Kirk Palmer, president of the homeowners’ association, tried to maintain order as the gathering turned into mob rule, with many demanding action to be taken to shut down the Boot Camp. At the end of the meeting, Palmer promised to consult an attorney about how to proceed shutting it down. There was no vote by the board approving Palmer's proposed action.
Prior to the letter from the ACC’s attorney Friday, the ACC sent a letter with more detailed demands and questions of the Boot Camp. The letter was in response to the receipt of drawings the Boot Camp submitted to the ACC for its proposed additional building. “What you are proposing with the submission of the above mentioned forms is not consistent with the nature of this subdivision and could change the dynamics of our community,” the letter stated.
The letter was signed by just three of the five members of the ACC. Lee and Lisa Campbell, who were attacked at the June 7 meeting for their support of the Boot Camp, did not sign the letter. It was signed by ACC members Mitch Brininstool, his wife, T.J., and Jason Singleton.
On May 25, before the informal group protesting the Boot Camp was organized, Lisa Campbell of the ACC emailed Julie Pilgrim, Bryan’s wife.
“Quit stressing,” she wrote. “Tell Bryan I need a septic permit as soon as possible. Your builder will help you with it. We are all on board. Facebook allows an individual to be an, excuse the French, “a**holes” behind your back. I am done with them. We are not talking with anyone anymore. We will move quickly but I need the septic tank permit. We are with you and we are not the only ones,” Campbell wrote.
Word also reached the Pilgrims that after the June 7 meeting, the sign at the entrance to the Boot Camp was a lightning rod for the detractors of the ministry. The Boot Camp’s board chairman Bryan Johnson, who owns an oil field services company, sent out a welder to cut the words “Bishop Street Boot Camp Ranch” out of the top of the gate. It took four hours to accomplish. “We’re trying to be good neighbors,” Bryan Pilgrim said of the sign removal.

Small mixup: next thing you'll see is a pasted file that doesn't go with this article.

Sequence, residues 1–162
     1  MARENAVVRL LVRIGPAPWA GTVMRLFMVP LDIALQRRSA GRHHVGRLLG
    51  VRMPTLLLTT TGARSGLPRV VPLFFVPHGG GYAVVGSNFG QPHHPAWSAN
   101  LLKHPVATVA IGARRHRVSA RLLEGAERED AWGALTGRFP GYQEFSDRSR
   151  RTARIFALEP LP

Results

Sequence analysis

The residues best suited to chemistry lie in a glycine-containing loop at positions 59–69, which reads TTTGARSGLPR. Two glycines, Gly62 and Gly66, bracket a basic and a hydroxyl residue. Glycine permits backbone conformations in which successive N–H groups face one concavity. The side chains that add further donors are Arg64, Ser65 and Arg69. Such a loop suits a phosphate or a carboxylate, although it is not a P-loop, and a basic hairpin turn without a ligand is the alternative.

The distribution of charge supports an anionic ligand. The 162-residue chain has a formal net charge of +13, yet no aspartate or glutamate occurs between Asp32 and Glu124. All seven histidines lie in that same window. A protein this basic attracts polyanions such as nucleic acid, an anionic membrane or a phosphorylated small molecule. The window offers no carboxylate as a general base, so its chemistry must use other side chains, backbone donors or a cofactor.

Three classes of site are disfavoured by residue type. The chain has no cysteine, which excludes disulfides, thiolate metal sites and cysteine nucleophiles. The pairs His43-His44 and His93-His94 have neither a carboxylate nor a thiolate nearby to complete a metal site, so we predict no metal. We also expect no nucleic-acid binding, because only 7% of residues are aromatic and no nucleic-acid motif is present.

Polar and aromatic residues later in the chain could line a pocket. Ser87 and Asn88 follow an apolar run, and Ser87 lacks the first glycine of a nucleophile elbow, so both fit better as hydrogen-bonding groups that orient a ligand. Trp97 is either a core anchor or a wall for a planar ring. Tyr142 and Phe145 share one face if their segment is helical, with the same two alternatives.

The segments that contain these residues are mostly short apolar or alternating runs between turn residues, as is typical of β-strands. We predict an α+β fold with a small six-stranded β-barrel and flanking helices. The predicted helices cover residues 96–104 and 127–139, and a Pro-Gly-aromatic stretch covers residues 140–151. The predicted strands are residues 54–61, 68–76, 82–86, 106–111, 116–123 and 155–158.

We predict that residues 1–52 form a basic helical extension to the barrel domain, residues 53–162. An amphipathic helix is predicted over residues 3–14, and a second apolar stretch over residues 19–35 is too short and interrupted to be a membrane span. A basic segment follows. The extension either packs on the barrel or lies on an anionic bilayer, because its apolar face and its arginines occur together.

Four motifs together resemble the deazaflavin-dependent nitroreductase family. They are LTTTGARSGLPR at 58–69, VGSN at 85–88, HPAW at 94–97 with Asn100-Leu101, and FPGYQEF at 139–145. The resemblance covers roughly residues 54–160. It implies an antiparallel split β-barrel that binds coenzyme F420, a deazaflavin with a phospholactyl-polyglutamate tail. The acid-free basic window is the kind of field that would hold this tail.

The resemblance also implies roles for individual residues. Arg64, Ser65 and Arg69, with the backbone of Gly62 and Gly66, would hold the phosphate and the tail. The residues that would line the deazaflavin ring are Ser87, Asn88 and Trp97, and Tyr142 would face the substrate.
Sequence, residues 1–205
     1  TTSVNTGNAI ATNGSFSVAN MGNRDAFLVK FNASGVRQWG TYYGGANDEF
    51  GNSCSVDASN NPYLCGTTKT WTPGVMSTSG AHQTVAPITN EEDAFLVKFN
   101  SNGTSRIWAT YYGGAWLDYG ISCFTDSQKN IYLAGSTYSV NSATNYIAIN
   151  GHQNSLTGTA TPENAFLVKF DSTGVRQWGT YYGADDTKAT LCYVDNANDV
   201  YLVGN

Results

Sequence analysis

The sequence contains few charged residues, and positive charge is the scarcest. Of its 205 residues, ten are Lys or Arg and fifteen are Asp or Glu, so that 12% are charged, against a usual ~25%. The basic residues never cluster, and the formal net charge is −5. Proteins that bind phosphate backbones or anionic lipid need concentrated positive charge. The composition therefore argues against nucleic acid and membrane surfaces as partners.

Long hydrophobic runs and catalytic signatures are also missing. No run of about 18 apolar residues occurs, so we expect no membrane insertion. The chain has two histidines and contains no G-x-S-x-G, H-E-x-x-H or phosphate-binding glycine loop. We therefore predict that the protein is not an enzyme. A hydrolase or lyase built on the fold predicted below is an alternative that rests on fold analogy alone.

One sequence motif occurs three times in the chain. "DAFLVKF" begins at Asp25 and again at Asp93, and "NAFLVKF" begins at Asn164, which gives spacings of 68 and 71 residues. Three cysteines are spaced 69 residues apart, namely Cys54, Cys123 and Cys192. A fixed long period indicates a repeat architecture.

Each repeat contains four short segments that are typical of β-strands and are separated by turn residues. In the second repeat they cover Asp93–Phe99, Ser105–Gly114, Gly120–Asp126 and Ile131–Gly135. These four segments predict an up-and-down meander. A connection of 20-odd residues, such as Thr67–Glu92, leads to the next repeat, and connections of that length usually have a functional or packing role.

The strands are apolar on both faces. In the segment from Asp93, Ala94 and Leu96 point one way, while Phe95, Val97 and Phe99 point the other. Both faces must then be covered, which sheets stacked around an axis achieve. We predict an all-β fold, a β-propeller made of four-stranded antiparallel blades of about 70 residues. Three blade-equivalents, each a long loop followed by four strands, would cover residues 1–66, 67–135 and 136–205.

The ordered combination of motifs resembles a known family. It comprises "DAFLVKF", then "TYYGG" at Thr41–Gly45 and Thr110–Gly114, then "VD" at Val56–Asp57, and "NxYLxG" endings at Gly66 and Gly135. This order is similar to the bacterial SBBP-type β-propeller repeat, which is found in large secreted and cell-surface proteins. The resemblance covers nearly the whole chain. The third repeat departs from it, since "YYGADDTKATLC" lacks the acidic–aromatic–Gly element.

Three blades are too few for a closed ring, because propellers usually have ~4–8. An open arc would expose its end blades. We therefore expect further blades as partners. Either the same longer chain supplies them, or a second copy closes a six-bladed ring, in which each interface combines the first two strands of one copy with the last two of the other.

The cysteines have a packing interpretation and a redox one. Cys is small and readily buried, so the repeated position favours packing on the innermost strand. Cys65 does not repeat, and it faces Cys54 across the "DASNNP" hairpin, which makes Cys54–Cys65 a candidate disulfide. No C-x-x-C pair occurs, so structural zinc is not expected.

The gate still stands. Attorney Skinner demands the Boot Camp remove it, too. The ACC never approved the gate, he wrote them.
The Dove Creek residents organized to banish the Boot Camp have taken over a closed Facebook group that ACC member Singleton co-maintains. The group, until the controversy of the Boot Camp emerged, was for Dove Creek neighbors to share information about lost and found dogs and cats. Now the group is battle command central to get rid of the Boot Camp. Residents not in agreement with the actions taken against the Boot Camp have been kicked out.
The home address of a Dove Creek resident who reported on the controversy as a news reporter was posted in that group on the same day the group’s co-maintainer sent the author a private message on Facebook. “We will remember,” wrote Kendall Wadsworth in the message to me on Facebook.
Palmer mentioned the closed Facebook group at the June 7 meeting, in response to the mob’s objections to covenants allegedly broken by the Boot Camp.
“A good portion of the posts in that group are about lost dogs running around in our neighborhood. If you go read the covenants and restrictions for Dove Creek, its specifically says you cannot have any animals running loose. Now, you want me to go enforce that? It will be a firestorm out here if we go to that extreme,” Palmer said.
What will the Pilgrims and the Boot Camp do? "Stand here and fight," Pilgrim said. "The Lord wouldn't back down."
Attempts to contact Kirk Palmer or the Campbells were unsuccessful.